- 1 Causes and Effects of Climate Change – Environmental Pollution and the Global Burden of Disease
Environmental biology is one of the critical Biology Topics that involves understanding how humans impact the environment and how to address environmental issues.
Causes and Effects of Climate Change – Environmental Pollution and the Global Burden of Disease
A. Green House Effect
A greenhouse is a small glass house used for growing plants, especially in winter. The glass panels of the greenhouse let the light in and reflect it back but entrap the heat inside. As a result, the inside of the house warms up.
Carbon dioxide is a natural constituent of the atmosphere under normal conditions (with normal concentration). It regulates the temperature balance of the atmosphere acting like the greenhouse. The spectral properties of CO2 in the atmosphere are such that it tends to prevent the long wave radiations (i.e., infrared heat radiation) escaping from Earth into outer space from reflecting back to Earth, as a result, an optimum temperature in which life is sustained, prevails on the earth’s surface. When CO2 increases in the atmosphere beyond normal concentration, such a thick layer of CO2 covering retains more infrared heat radiations, as a result, the earth’s surface becomes overheated. This process of heating the earth’s surface by infrared heat radiation waves due to the presence of atmospheric CO2 layer is termed by Turk (1974), Lee (1974), and Smith (1977) as the Green House Effect.
The greenhouse effect is solely responsible for maintaining the Earth’s optimum temperature. It is surprising to note that if there would be no such effect, the normal average temperature of Earth, which is 15°C, would have fallen upto -18°C. It would render our earth lifeless. Apart from CO2, other gases also contribute to this phenomenon, like CH4, N2O, and CFC together they are called Greenhouse gases. But, during the past century, these gases have increased in concentrations in the atmosphere, due to some anthropogenic activities. Such increased levels have led to increased entrapment of heat inside the Earth’s atmosphere causing a rise in temperature. In the last three decades, about 0.6°C increase in the average temperature of the Earth has been recorded. Such an increase in global temperature is termed as Global Warming. This rise in temperature interrupts worldwide weather patterns, which may be a serious threat to global food production. Recently, certain ecologists have tried to correlate air pollution with serious and prolonged droughts, heavier rains, and floods, and responsible for more serious hurricanes and tornadoes (Southwick, 1976).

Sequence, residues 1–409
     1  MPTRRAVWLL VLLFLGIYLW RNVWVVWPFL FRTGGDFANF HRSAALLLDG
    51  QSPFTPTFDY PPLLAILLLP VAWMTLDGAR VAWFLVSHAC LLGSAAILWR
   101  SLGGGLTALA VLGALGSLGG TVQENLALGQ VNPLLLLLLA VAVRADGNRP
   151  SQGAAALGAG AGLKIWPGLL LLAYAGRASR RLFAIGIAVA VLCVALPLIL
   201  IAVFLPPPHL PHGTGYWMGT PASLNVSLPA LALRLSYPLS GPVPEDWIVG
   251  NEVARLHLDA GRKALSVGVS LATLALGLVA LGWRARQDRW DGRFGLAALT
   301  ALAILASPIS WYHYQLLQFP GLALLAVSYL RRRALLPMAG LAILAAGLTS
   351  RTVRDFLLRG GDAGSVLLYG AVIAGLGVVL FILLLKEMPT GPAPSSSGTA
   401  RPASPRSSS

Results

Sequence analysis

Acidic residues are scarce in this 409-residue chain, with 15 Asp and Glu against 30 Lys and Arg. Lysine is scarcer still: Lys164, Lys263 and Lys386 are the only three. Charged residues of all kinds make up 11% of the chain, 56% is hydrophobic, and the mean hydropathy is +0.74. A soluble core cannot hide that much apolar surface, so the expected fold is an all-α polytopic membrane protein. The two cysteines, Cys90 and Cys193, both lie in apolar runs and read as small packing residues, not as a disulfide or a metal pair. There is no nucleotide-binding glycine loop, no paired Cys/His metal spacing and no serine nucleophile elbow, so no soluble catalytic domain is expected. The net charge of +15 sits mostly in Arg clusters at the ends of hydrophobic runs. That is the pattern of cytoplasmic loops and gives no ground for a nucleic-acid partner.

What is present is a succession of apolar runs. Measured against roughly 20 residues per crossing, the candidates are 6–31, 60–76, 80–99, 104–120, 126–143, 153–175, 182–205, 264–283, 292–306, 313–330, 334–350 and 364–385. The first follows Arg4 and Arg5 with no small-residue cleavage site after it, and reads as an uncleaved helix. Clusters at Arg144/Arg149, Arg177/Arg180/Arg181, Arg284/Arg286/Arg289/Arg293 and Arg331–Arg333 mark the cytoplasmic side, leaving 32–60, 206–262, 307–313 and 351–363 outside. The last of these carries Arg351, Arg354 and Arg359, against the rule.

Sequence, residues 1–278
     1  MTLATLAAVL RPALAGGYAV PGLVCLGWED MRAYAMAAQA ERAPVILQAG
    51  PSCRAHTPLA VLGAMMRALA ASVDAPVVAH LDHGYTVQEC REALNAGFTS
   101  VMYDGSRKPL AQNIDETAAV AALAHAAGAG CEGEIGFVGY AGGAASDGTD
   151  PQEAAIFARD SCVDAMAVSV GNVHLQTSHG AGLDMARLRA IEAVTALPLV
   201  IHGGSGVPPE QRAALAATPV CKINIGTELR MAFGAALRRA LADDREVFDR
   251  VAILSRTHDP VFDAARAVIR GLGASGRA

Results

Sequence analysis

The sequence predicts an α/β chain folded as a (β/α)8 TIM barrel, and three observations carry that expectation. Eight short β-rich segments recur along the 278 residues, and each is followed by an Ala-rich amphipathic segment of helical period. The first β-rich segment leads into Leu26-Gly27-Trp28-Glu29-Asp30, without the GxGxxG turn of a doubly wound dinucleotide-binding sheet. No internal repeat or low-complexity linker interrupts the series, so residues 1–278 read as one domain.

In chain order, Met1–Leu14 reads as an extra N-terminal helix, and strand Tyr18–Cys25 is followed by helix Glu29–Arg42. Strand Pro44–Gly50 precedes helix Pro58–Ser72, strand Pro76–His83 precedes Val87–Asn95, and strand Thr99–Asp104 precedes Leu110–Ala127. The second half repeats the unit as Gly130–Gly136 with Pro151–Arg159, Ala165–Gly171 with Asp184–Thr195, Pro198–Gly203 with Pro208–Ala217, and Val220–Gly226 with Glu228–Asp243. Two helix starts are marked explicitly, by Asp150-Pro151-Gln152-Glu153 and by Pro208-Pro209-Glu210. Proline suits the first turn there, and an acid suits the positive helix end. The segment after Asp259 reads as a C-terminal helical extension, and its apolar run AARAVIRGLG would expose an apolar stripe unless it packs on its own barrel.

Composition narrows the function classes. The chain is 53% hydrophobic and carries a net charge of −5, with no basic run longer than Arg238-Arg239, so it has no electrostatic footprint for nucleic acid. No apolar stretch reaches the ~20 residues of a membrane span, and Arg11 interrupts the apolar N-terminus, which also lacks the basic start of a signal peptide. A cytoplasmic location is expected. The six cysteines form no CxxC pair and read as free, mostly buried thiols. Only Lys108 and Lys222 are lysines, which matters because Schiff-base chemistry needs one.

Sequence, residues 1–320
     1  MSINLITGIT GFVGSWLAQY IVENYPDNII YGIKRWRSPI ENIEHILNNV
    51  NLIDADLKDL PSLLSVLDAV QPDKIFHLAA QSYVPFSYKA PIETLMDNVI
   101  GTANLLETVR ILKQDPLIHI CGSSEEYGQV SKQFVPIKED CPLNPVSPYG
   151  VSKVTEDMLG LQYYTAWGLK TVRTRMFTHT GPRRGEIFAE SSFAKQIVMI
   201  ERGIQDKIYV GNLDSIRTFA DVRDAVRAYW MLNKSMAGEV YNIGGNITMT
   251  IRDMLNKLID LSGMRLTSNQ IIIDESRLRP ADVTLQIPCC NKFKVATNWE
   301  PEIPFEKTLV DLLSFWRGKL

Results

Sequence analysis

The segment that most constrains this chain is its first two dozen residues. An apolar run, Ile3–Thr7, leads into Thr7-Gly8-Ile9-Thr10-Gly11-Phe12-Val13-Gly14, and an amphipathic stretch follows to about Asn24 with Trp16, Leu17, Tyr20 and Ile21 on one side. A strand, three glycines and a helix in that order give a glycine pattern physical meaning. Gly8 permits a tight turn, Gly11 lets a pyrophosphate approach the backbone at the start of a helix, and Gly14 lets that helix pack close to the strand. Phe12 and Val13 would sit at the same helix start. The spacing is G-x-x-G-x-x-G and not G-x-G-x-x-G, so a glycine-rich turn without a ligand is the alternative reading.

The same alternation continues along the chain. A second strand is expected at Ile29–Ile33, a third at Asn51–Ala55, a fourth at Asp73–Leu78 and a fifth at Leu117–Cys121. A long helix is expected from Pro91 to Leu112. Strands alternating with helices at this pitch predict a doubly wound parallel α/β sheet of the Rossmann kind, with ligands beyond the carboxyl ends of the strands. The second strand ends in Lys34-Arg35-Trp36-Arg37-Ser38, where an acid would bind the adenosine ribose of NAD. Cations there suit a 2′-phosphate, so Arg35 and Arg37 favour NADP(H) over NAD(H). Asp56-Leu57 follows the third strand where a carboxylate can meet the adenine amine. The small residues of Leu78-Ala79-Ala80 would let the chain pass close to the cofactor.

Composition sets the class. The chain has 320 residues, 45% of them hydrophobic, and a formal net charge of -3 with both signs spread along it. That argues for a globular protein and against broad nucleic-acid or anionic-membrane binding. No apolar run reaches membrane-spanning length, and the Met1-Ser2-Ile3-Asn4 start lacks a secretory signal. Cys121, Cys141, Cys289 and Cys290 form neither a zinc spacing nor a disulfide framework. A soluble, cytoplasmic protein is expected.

Sources of Green House Gases:
|1. CO2||Coal, combustion of fossil fuels like Petroleum, Cement industry, Combustion of organic or inorganic substances.|
|2. NO||Wood, Coal, Petrol Combustion|
|3. CO||Combustion of Petroleum, Organic Substances|
|4. N2O||Combustion of Petroleum, N2-fertilizer, Emission of smoke from car|
|5. CH4||Wetland, decomposition of organic matter, organic waste|
|6. CFCs||Air conditioner factories, aerosol spray, plastic and foam-making factories|
B. Global Warming
The greenhouse effect is a natural phenomenon and the basis of sustenance of life on Earth as it maintains a uniform temperature throughout, but due to recent advancements of human civilization, like industrialization, population explosions, modernization, deforestation, and pollution, the levels of the greenhouse gases have increased alarmingly. IPCC (Intergovernmental Panel on Climate Change) has done an assessment and recorded the following gases and their effects responsible for global warming.
Causes of Global Warming
1. Carbon dioxide (CO2):
It contributes about 60% to global warming. Its concentration was recorded at 280 ppm in 1750 and 368 ppm in 2000. The main reasons behind such rise in levels are deforestation, combustion of fossil fuels and change in use of land. 33% of Indian land was covered by forest at the beginning of the 20th century but has reduced to only 19.4% till recently. Deforestation causes less incorporation of CO2 by plants, while on the other hand, the use of fossil fuels excessively increases its levels in the atmosphere.
2. Methane (CH4):
It has a 20% contribution to global warming in the world. Its concentration in the atmosphere has shockingly increased from 700 ppb before industrialization to 1750 ppb in 2000. The incomplete combustion of fossil fuels and incomplete decomposition by anaerobic methanogens contribute mainly to increasing methane levels.
3. Chlorofluorocarbons (CFC):
These are synthetic compounds made up of carbon and halogen elements (Cl, F). These are inert, inflammable, non-toxic, odorless compounds. These are used as coolants in refrigerators, and air conditioners, and also used in aerosols, solvents, fire extinguishers, jet fuels, etc. The main characteristic of CFCs is that they are highly persistent (45-260 years), so their concentration keeps on increasing in the atmosphere with their widespread use. They can react with nitrates and ozone present in the atmosphere and degrade the O3 molecules. Such an effect is causing ozone depletion (discussed later).
4. Nitrous Oxide (N2O):
It contributes about 6% to the global rise in temperature. Its concentration in the pre-industrial time was 270 ppb but now it is about 316 ppb. It is produced by the breakdown of artificial fertilizers, combustion of livestock wastes, nylon industries, etc.
Effects of Global Warming
1. Effect on Weather and Climate:
Climatic changes are the most evident. As the temperature increases, moisture moisture-carrying capacity of air also increases. As a result currents of air as well as water change directions. The frequency of precipitation changes, so threats of floods and droughts also increase. This in turn affects the life cycle of pathogens and vectors, further increasing threats to human health.
2. Changes in Sea Level:
Temperature rise causes thermal expansion of seawater, and melting of polar ice caps and glaciers, leading to a rise in sea level. According to a report by NASA, the melting of glaciers has led to a rise in sea level by 15 cm during the 20th century at a rate of 1-2 mm per year. Thus, one-third of the human population residing in coastal areas is facing danger of submersion. Estuaries, salt marshes, islands, fisheries, and wetlands are on the verge of becoming extinct.
3. Effects on Flora and Fauna: